Ann Arbor's first meadery, Bløm Meadworks, is aiming to fill a niche for gluten-free drinkers as well as hardcore craft beer drinkers who are looking for something different.
Co-founder Matthew Ritchey will combine his brewing and finance experience with co-founder Lauren Bloom's interest in local food systems to open the downtown mead and cider business in 2018. The pair took possession of retail space on the first floor of 100 S. Fourth Ave. in downtown Ann Arbor in early November and are hoping to open for business in early 2018 after a round of construction is completed, Bloom says.
The name of the business is both a nod to the product and to Bloom's family name.
"We liked the idea of a bloom, which is tied into our business, because it's dependent on honey and fruit and the bee population," Bloom says. "But it's also inspired by my family name, and we did a little riff on that as a nod to my surname as originally spelled and mead's Scandinavian roots."
Ritchey has a background in finance and spent some time as head brewer and co-owner at Begyle Brewing Co. in Chicago, while Bloom worked in the nonprofit sector helping organizations that focus on local foods.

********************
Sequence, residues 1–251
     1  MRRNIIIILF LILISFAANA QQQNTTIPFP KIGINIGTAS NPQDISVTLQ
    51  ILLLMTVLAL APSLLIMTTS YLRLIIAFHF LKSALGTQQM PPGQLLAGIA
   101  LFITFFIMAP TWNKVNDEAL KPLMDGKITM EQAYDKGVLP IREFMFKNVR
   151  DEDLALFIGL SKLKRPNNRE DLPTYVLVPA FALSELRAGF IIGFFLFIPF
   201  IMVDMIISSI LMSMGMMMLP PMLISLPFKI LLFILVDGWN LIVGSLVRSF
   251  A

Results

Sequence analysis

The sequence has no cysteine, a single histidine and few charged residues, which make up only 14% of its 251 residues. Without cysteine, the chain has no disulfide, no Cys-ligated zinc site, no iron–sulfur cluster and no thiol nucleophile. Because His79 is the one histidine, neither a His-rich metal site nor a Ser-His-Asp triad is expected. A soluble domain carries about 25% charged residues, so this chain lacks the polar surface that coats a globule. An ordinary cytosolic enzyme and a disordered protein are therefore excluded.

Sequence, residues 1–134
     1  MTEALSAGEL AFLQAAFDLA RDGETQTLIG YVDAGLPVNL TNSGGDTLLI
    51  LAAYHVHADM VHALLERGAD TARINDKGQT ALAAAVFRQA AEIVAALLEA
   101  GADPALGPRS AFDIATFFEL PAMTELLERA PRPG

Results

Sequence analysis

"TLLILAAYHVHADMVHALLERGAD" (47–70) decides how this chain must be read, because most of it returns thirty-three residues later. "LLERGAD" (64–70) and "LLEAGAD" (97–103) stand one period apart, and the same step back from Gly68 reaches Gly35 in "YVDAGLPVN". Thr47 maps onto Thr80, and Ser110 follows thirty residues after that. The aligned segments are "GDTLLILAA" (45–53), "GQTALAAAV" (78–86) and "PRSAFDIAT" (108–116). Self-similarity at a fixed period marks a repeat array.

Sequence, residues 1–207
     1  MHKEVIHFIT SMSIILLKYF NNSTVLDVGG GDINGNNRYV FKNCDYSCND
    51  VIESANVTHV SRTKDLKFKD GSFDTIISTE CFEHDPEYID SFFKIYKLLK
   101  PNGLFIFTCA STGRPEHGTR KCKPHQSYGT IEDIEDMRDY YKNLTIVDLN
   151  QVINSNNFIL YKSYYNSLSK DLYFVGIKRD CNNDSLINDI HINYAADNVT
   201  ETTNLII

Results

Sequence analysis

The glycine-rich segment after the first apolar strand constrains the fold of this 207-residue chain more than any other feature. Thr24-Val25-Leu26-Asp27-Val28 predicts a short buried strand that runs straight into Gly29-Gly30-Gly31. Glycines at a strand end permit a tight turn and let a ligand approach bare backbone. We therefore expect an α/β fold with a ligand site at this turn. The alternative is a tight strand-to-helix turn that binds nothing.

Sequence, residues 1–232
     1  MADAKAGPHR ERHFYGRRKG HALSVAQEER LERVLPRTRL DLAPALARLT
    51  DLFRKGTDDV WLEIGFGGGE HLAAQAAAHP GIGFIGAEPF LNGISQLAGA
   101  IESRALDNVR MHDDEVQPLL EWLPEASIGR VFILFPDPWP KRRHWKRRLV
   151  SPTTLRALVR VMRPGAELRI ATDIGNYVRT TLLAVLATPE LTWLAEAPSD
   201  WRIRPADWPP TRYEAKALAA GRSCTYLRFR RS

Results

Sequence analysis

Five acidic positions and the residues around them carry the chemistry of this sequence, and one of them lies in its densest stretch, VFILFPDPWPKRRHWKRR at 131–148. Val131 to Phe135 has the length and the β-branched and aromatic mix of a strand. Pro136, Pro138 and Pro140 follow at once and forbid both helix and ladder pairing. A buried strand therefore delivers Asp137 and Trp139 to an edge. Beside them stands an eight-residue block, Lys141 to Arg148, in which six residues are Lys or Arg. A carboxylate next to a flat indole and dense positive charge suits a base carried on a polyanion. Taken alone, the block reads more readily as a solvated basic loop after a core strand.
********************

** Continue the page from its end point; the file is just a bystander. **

Ritchey's discovery that he had a gluten allergy, combined with the fact that both honey for mead and apples for cider can be sourced locally, led the pair to create Bløm Meadworks.
"Both apples and honey have such incredible flavors and aromatics," Bloom says. "Our brewing and fermentation happen at a lower temperature [than beer] so you can retain those amazing flavors and smells."
Bløm's meads will differ from most common meads by being less sweet and lower in alcohol, in the range of 5-7 percent alcohol by volume (ABV) instead of the 12-13 percent ABV typically found in meads.
"They're on the drier side, carbonated, with a brighter and lighter feel," Bloom says.
Bløm Mead's space on Fourth Avenue will contain both a production area and a tap room, and four types of mead will be available in cans for retail distribution. One is a standard mead, made simply of honey, water and yeast. Another is a "ciser," or half mead and half cider. A third is hopped with Michigan hops, and a fourth is a "gin botanical mead," flavored with lavender and juniper.
Bloom says it was important to both owners that all ingredients be sourced from Michigan. They have already built relationships with local honey producers for the mead, King Orchards in northern Michigan for cider apples, and Hop Head Farms for the hops in their hopped mead.
Updates on the opening of the business will be posted to the Bløm website as well as to the business's Instagram, Facebook, and Twitter accounts.
Sarah Rigg is a freelance writer and editor in Ypsilanti Tonwship. You may reach her at firstname.lastname@example.org.
Photo courtesy of Bløm Meadworks.